My freelancer filed a dispute to me for a work I just commissioned.
I received a message from Upwork on Jun 16 saying that they would follow up with me via email within 5 days. If we couldn't resolve the issue then the issue might go to Arbitration.
On Jun 16, I replied on the Upwork dispute centre on its web site saying that I would be willing for this dispute to go to arbitration.
On Jun 21, I received email saying that my money held in escrow account had been released to the freelancer because i had made no response.
I inquired with Upwork and was told the dispute handling team only dealt with disputes via email. I further found out that the dispute handling person from upwork knew my message post on the web site, but ignored it simply because it's not in the email.
I feel helpless. There is no message nor any instruction on the web site saying that you can only communicate/reponse to a dispute through email. To a user, leaving reponses in upwork Dispute message centre seems a perfectly legitimate way to reponse. I don't understand the logic which some arbitrary rule about using email trumps common sense. Since the person knew my reponse on the web site, how can he conclude I made no response.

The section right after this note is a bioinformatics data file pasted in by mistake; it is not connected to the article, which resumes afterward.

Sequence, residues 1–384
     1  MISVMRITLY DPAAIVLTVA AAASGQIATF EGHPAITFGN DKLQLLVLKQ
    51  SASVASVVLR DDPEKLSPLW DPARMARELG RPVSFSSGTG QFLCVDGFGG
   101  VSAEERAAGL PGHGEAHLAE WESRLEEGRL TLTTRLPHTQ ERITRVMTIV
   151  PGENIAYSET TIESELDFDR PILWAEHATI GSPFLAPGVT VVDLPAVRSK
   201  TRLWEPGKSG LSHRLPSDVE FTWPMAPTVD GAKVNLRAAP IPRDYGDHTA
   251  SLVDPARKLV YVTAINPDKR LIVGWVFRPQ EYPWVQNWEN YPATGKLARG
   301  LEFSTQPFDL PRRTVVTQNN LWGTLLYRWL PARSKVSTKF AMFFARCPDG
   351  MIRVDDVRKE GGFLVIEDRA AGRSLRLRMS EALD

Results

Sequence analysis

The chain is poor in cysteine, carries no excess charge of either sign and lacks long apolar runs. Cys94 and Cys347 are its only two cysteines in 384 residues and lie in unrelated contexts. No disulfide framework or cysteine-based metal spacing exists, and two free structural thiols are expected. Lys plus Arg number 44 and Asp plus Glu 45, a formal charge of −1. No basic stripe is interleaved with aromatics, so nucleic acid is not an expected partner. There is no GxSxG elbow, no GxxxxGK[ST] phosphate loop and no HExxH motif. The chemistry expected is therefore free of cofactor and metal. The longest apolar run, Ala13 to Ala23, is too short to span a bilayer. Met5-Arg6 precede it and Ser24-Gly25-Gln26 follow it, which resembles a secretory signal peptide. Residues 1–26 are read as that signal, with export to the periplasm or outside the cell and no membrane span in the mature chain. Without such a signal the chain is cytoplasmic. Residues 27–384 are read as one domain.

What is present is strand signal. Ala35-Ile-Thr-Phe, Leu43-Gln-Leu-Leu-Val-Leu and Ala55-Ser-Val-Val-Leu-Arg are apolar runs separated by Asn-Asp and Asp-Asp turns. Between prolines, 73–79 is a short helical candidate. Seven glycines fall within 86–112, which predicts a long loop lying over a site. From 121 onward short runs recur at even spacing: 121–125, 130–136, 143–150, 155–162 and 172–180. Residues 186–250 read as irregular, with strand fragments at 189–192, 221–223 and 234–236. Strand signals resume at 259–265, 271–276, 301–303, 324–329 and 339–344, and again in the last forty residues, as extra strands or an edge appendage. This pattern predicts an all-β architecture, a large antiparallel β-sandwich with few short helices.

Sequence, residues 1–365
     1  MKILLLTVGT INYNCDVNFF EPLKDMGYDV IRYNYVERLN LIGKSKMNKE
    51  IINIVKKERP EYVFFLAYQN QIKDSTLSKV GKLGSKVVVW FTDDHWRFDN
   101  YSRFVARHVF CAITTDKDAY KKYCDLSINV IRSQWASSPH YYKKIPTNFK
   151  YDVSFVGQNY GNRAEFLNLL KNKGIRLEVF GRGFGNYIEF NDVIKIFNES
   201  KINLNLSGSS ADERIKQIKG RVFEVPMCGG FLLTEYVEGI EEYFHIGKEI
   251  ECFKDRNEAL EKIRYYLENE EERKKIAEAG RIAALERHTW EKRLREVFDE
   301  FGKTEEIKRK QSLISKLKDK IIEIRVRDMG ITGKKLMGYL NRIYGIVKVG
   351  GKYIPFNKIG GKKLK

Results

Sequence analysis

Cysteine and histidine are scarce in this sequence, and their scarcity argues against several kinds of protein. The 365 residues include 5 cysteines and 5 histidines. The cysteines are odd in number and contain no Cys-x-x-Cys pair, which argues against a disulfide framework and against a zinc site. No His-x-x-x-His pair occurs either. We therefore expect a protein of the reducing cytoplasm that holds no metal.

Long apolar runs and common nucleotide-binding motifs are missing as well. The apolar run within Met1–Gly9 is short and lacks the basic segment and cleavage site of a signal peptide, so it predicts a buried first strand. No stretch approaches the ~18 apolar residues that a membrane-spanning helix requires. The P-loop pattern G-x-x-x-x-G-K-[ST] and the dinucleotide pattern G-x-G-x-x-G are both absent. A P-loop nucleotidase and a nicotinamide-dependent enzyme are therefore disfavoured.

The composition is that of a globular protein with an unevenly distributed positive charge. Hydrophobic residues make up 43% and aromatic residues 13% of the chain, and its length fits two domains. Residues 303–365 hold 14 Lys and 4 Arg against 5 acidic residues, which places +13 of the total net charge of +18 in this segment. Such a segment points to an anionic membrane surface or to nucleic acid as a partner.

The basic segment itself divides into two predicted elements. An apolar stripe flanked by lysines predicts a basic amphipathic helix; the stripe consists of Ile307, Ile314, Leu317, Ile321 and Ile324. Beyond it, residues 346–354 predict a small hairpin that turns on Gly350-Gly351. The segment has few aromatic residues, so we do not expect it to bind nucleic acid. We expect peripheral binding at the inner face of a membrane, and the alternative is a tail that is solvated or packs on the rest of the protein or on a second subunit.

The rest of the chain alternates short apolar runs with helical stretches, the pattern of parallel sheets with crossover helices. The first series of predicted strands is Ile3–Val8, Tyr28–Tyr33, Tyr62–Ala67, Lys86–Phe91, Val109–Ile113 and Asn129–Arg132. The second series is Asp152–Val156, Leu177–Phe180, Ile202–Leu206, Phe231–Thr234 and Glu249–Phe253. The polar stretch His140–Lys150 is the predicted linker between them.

I'm sorry that you're not satisfied with the outcome of this dispute. I've checked your ticket and see our team notified you twice regarding the dispute your freelancer initiated, and after not receiving a response from you neither on your ticket nor in the Dispute Resolution Center, closed the dispute in line with our dispute process.
I see our agent followed up on the reply you posted after the dispute closure notification, and explained our dispute process in detail. Please make sure not to share incorrect information regarding your communication with our team or the closed dispute case, in order to avoid creating a confusion in the Community.
With due respect, can you point out which part of message is misleading?
Jun 9: I was notified of the dispute on Dispute center
June 16: I replied.
June 16: I got your acknowledgment of my rejection of the dispute. I was told my money will be in Escrow until a resolution is reached. I was also informed that the next steps will be:
"The Dispute team will contact both parties via email within 5 business days to assist in reaching a mutual agreement. Most disputes can be resolved within 30 days.